I would love to see you stop paying the school millage on your taxes. See how long it takes the county to put a lien and foreclose on your house. It’s not an optional tax. Everyone pays it including people with no kids .

Mary
Thu, 07/02/2020 - 5:38pm

I know how urgent it is that parents and school districts to have students back, but this is a recipe for disaster if COVID does not decline far more than it has. Any child can be exposed by their families (some of whom have not worn masks or obeyed start at home orders all along), come to school 2 days before they show symptoms, expose a whole class all of whom will then have to quarantine for 14 days including teachers, staff, and parents. This isn't a plan to open safely, but a fig leaf to allow parents and districts to get what they need despite the risks to their children.

Max G
Tue, 07/07/2020 - 11:16am

I agree and instead the cases are going up everywhere. So there is no way to get children back to school in the fall. It's clearly a bad idea for everyone. The governor is wise because she's doing what the GOP wants knowing her stay at home order will be taken seriously when there is a huge surge in the fall. Plan for the children to be at home. This is all kabuki theatre.

Anonymous
Thu, 07/02/2020 - 7:34pm

And now, the hard part. Actually getting students to follow these instructions. Looks like a wish list to me. Middle schools can't get students to follow a dress code, or not wear hoods in the halls. Good luck with those masks. Teachers will need to spend several hours a day policing mask use.

Anonymous
Tue, 07/07/2020 - 11:19am

You didn't even mention dealing with all the virus covered cellphones.

A Yooper
Sat, 07/04/2020 - 1:54pm

We have very high paid Superintendents who presumably have the knowledge, skills and abilities to be able to figure this out. Also, school boards with presumably the knowledge, skills and abilities to assist with these issues. So let’s be big boys and girls now, put your collective heads together and get create. The way people are behaving this pandemic will be with us for years. Get it in gear people!!!

Anonymous
Tue, 07/07/2020 - 11:22am

They say the Spanish Flu in 1918 lasted three years.... Seems like other countries have learned more than we have.

Margaret Morgan
Sun, 07/05/2020 - 8:39am

I trust Governor Whitmer and her educational plan. She looks at the data and plans accordingly for our health and safety. The Coronavirus is so new and unknown, our state must look at data and adjust when needed to save lives.

yippikiyea
Mon, 07/06/2020 - 10:34am

I have stood behind our governments standings for Michigan and social distancing, until now. It is apparent our governor has caved to pressure for opening the schools in such a lax way. She does not seem to care that the students will spread the coronavirus freely and take it home infecting all family members, young and old. To not distance in schools and especially on school busses is signing us all to a death warrant.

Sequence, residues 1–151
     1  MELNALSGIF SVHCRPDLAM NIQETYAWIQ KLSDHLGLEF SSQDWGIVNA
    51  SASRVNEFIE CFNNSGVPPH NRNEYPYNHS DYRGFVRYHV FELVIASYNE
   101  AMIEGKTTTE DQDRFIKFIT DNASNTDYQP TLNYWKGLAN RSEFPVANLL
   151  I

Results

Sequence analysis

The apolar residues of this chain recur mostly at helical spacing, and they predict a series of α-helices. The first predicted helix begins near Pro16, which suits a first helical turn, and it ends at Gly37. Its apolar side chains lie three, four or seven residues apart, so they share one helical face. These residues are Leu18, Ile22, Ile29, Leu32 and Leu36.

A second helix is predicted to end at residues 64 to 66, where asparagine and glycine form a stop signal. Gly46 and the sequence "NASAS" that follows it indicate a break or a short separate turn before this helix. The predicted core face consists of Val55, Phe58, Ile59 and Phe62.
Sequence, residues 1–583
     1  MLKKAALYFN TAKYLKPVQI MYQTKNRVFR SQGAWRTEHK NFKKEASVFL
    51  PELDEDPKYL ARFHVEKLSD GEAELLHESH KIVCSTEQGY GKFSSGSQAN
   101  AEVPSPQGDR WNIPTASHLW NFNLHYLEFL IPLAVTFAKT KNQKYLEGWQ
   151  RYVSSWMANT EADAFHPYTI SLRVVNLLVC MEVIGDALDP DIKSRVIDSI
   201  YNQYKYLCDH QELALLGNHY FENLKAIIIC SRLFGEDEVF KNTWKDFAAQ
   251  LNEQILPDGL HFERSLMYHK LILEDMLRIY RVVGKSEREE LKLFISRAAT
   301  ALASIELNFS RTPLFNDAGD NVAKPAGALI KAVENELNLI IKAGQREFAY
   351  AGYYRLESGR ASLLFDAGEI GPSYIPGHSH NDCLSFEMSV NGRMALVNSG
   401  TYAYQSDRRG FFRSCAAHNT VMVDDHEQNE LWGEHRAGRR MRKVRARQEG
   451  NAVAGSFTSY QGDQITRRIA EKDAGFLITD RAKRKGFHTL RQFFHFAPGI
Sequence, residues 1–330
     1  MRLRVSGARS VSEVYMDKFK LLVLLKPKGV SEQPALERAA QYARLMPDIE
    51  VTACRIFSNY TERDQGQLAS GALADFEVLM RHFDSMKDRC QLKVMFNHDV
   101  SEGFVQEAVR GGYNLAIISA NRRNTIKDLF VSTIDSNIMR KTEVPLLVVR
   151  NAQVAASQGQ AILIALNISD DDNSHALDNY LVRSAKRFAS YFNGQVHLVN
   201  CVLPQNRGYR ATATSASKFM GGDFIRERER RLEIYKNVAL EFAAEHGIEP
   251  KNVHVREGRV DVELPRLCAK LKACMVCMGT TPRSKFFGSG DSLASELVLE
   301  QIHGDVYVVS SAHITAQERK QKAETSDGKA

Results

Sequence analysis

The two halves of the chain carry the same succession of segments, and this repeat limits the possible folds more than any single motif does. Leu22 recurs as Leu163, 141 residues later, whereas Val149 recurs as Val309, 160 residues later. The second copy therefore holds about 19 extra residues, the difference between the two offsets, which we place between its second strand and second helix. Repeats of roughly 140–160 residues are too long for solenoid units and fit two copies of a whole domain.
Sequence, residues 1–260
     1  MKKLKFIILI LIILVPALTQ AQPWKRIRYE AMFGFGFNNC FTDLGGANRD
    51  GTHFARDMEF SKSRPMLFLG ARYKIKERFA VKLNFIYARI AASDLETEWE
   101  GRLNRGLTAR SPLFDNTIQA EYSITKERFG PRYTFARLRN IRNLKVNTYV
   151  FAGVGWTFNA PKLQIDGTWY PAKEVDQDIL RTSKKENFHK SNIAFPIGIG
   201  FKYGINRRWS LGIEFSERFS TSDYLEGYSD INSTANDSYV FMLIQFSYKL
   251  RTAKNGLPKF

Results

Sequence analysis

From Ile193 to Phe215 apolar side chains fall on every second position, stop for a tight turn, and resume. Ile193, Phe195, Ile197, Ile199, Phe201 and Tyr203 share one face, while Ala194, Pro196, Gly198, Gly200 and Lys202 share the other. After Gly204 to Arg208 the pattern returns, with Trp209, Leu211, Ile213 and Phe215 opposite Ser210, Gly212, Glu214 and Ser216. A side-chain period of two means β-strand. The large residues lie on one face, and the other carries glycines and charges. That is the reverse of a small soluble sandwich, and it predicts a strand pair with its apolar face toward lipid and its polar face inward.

Epidemiology
Tue, 07/07/2020 - 11:31am

I understand and everything you say is true, but August/September are far away in Covid 19 terms. Whitmer will shut the schools at that time. Right now she needs political cover for such a big controversial decision, unsupported by the irresponsible Republicans who are screaming for "liberation" and "civil war". Come fall, those rebels will be begging her to close all the schools. Besides, if you don't support this governor, who can you support? She is the only one trying to address these problems. Are any schools anywhere in the country saying they will stay closed in the fall? I don't think so, but you can be assured that the vast majority everywhere will be closed, or opened/closed quickly. It's politics.

Mike
Tue, 07/07/2020 - 7:28am

I'm not a Whitmer fan, but this looks like this is a feasible, well thought out plan by her administration. Many schools do not have the ability to spread out students because of room size, but those who can likely will. Online instruction is just not effective in many homes in southeastern Michigan, so in person classes are critical and I think the Whitmer administration recognizes that.

Dave
Tue, 07/07/2020 - 8:02am

I just want to point out, of the 330,000,000 people in the US only 176 under 25 have died of Covid19. Of those 176 almost all of them had pre-existing conditions or were high risk. There are risks in returning to school, but in a nation where 1.9 million young people are treated in hospitals for accidents each year & 12,000 young people die from them we need to have some perspective. For those who have lost children, the loss in beyond words, but statistacally the numbers are very very small.

Still?
Tue, 07/07/2020 - 11:34am

I just want to point out that most young people have been isolated during this outbreak. Sending them to school, even if they don't die, will bring the virus home to there parents, extended families, and frail siblings. Think!

Olive
Tue, 07/07/2020 - 10:04am

Headline is quite misleading; K-5 students are not required to wear masks in self-contained classrooms.